She sighed, twisted the platinum and diamond wedding band on her finger, and snuck a glance at Dan’s six-foot-two, athletic build. How did she get so lucky? The strong line of his jaw hinted at his fortitude--and persistence. Chased by half a dozen women at Johns Hopkins, Dan’s focus on Sarah and getting her to say “Yes” had never wavered--except that one time when Mom was at her drunken worst. She shook her head. Let the bad times stay in the past. Enjoy the moment.
Dan’s forearm corded as he cast his fishing line. Brow furrowed under his lucky Ravens fishing cap, he aimed his baited hook under the waxy leaves.
After all this time, was Dan really hers?
He turned his head, raised his sunglasses, winked at her, and blew her a kiss. Her breath caught in her throat and a host of butterflies flapped around in her stomach.
Of course he was hers. They were on their honeymoon. What could possibly go wrong?
He shook a finger at her. “You better be thinking about something other than your job.”
She laughed out loud. “I am not thinking about work.”
“No, you obsess about it.”
“And you don’t about Randallstown Community Hosptial?”
He held the fishing pole with one hand like a jousting lance and cocked his head, considering her question. “As a vascular surgeon, I have to obsess over my work. The smallest of slip-ups can kill a patient.”
“My work saves lives, too. I don’t have the instant gratification--or risk--that you do. But, if I improve one kid’s life with my work, then it makes it all worthwhile.”
He nodded. “True. But no one dies if you don’t teach a class, go to a committee meeting, or publish a paper.”
“If I don’t make the third year tenure review cut, my career at BMU will die. And I can pretty much forget about going anywhere else in Baltimore or DC. I’ll be considered damaged goods.”
He frowned and flapped his hand at her. “Pffft. Not only is Bobbi your boss, she’s your friend. She put you on her five million dollar grant. With her in your corner, your tenure and promotion are a slam dunk.”
Easy for him to say.
“If I don’t get a paper published in the Journal of Child Abuse Prevention, I’m out on the curb.”
Sarah should have gone to see Bobbi when her boss texted her at end of the Women in Science Conference on Sanibel three days ago. But Bobbi knew they planned to go across the water to Punta Gorda for their honeymoon. Sarah chewed on her lower lip. Typical Bobbi. Waiting until the very last minute of the conference to say she needed to talk in private, away from the other attendees.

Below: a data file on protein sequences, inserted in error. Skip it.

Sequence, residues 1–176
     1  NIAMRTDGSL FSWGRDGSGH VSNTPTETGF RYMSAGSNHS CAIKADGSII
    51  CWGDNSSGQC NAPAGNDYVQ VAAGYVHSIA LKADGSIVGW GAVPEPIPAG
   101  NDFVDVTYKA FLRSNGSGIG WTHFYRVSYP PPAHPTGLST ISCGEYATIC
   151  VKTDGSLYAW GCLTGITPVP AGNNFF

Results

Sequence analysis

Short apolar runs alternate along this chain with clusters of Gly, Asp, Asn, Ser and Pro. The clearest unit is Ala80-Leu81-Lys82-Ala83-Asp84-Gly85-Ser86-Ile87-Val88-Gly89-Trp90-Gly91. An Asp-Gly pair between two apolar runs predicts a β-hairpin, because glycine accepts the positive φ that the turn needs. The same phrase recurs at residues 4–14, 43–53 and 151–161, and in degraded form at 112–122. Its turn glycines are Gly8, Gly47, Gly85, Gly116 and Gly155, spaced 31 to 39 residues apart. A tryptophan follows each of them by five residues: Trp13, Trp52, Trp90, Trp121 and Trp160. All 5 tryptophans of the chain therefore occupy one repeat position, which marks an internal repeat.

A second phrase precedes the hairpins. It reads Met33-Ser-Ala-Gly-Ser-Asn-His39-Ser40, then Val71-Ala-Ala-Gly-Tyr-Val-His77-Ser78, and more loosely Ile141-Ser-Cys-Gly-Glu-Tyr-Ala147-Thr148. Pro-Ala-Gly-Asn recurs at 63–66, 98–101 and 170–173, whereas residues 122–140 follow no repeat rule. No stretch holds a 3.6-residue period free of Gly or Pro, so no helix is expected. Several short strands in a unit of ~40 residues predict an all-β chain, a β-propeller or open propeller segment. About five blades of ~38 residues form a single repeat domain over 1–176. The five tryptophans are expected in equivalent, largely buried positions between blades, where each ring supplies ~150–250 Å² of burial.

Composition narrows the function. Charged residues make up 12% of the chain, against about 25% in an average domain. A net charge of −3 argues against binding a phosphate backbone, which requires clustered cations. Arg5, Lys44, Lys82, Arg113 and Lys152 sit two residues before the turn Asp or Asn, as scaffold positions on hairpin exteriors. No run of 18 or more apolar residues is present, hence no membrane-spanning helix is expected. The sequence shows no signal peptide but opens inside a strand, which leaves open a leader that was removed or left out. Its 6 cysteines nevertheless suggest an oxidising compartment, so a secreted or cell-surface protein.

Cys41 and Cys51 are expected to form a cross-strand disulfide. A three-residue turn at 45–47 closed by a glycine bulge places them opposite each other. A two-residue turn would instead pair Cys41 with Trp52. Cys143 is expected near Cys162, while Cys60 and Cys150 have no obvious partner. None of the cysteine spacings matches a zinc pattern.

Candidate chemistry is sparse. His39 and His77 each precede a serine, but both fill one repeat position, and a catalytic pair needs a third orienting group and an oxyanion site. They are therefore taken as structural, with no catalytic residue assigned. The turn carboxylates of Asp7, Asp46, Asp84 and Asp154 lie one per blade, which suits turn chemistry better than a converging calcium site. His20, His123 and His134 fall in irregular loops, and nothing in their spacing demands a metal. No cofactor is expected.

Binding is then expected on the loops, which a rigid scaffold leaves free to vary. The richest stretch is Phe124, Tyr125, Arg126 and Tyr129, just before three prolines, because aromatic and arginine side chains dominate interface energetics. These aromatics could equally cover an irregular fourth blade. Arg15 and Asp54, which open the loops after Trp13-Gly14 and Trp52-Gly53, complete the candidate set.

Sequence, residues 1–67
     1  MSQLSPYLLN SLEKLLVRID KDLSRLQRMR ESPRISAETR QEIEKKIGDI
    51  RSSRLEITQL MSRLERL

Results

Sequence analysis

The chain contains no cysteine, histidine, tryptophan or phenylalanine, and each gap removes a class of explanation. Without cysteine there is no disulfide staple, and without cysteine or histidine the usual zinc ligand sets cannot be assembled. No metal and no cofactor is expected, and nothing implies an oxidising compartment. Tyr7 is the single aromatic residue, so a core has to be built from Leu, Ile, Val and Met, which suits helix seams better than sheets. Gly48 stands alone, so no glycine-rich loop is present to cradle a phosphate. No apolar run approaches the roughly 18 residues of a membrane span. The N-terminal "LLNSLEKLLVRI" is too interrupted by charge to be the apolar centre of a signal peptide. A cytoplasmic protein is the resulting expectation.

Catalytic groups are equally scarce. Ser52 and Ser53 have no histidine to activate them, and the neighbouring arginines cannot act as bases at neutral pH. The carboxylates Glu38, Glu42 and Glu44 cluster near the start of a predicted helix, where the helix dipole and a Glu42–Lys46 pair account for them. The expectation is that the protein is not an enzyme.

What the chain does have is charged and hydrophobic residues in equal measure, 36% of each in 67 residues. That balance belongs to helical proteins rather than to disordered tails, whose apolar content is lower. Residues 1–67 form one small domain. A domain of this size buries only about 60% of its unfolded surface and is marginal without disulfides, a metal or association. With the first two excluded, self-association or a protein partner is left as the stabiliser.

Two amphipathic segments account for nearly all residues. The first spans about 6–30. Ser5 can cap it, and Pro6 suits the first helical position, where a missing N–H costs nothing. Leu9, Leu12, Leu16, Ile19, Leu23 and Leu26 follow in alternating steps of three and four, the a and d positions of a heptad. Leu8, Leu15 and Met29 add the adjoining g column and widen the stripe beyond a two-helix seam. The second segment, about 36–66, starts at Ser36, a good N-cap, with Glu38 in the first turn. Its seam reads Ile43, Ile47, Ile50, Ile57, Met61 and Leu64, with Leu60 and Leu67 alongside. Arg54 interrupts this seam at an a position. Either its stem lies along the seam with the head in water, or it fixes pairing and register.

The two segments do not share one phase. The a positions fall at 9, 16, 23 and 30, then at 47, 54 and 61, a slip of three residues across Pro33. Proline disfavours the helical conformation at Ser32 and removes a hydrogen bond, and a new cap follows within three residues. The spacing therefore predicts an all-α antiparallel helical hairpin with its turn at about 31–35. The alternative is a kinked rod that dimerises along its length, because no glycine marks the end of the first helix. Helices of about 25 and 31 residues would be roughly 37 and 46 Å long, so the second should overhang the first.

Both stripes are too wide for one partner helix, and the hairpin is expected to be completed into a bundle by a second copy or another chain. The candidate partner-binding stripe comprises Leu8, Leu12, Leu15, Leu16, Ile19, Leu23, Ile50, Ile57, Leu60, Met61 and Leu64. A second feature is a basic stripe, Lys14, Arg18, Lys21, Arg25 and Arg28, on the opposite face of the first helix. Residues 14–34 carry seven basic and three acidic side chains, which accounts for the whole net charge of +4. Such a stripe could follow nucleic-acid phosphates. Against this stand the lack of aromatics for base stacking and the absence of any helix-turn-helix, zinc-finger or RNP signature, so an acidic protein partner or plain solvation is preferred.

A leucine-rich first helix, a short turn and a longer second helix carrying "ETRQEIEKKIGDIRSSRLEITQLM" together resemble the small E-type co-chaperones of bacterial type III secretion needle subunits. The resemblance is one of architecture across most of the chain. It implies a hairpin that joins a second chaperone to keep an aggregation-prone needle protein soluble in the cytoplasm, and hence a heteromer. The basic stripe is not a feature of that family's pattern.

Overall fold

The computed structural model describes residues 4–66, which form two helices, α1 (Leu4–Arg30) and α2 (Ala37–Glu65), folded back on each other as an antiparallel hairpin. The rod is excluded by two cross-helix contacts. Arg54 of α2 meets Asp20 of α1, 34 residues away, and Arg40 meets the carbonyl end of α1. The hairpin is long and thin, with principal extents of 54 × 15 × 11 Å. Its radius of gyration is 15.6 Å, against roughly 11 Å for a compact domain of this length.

Sarah patted her pants pockets and realized in her rush to get out the door, she’d left her cell at home. The sun’s glare pierced the side of her shades and she closed her eyes. What did Bobbi text? “Investigating a faculty member. Need your help. Trust no one. Tell no one.” Though the air was hot and humid, Sarah shivered with an unexpected chill and crossed her arms to battle sudden goose bumps. Dan was right. She had to stop obsessing about work.
She opened her eyes and watched as two huge turkey vultures looped in eccentric circles and dove into the dense mangroves.
"Buzzards in paradise?" Sarah asked, not realizing she’d spoken aloud.
“Bet they’re after a wild pig that got stuck in the mangroves and died,” the fishing captain said.
“Don’t be surprised if we smell it soon.”
Sarah wrinkled her nose in disgust. “Yuck. How would a pig get in there? Can you walk across the mangrove roots?”
Captain Fred made a perfect cast, removed his cap to scratch his shining scalp, and considered the question. A retired firefighter, only his balding head didn’t boast a Florida fisherman’s permanent tan.
“Nah, it’s tough going. You’d fall through. I tried it once. Didn’t get very far. Banged up my knees pretty good, but pigs don’t know that.”
Dan hooked a mangrove branch and his bait fish dangled over the water.
Sarah teased, “Hey, Bushmaster, you trying to teach the snook to jump?”
“Captain Fred told me they can leap three feet in the air.” A flash of silver popped out of the water. “See?”
She poked his arm. “That’s mullet--not snook.”
“Ahh, bickering so soon?” The captain smiled. “You guys should be making love, not fighting.”
Sarah stifled a giggle, but Dan was less successful at controlling his laughter. Captain Fred blushed up to the tips of his ears.
Sarah still found it hard to believe their small wedding was a scant two months ago. A Labor Day perfect ceremony. They were lucky in so many ways. Perfect weather. And there were no drunken brawls, thanks to Bobbi sponsoring her Mom at AA.
“We don’t fight,” Dan said. “We have discussions.”
“Yeah. Loud ones.” Sarah laughed. “Followed by great make up--umm--sessions.” She began to reel in her line. Dan leaned over and gave her a salty kiss. Momentarily distracted by the touch of his tongue on her bottom lip, she was startled by a sudden heavy tug. She laughed and called out, “Here fishy, fishy, fishy.” She pulled hard on unyielding weight. “I think I caught a mangrove root.”
“Could be a nurse shark or a big manta ray. Keep the tip of your pole up,” Captain Fred yelled from the front of the twenty-two foot Ranger. “Slow down. Dip and reel.”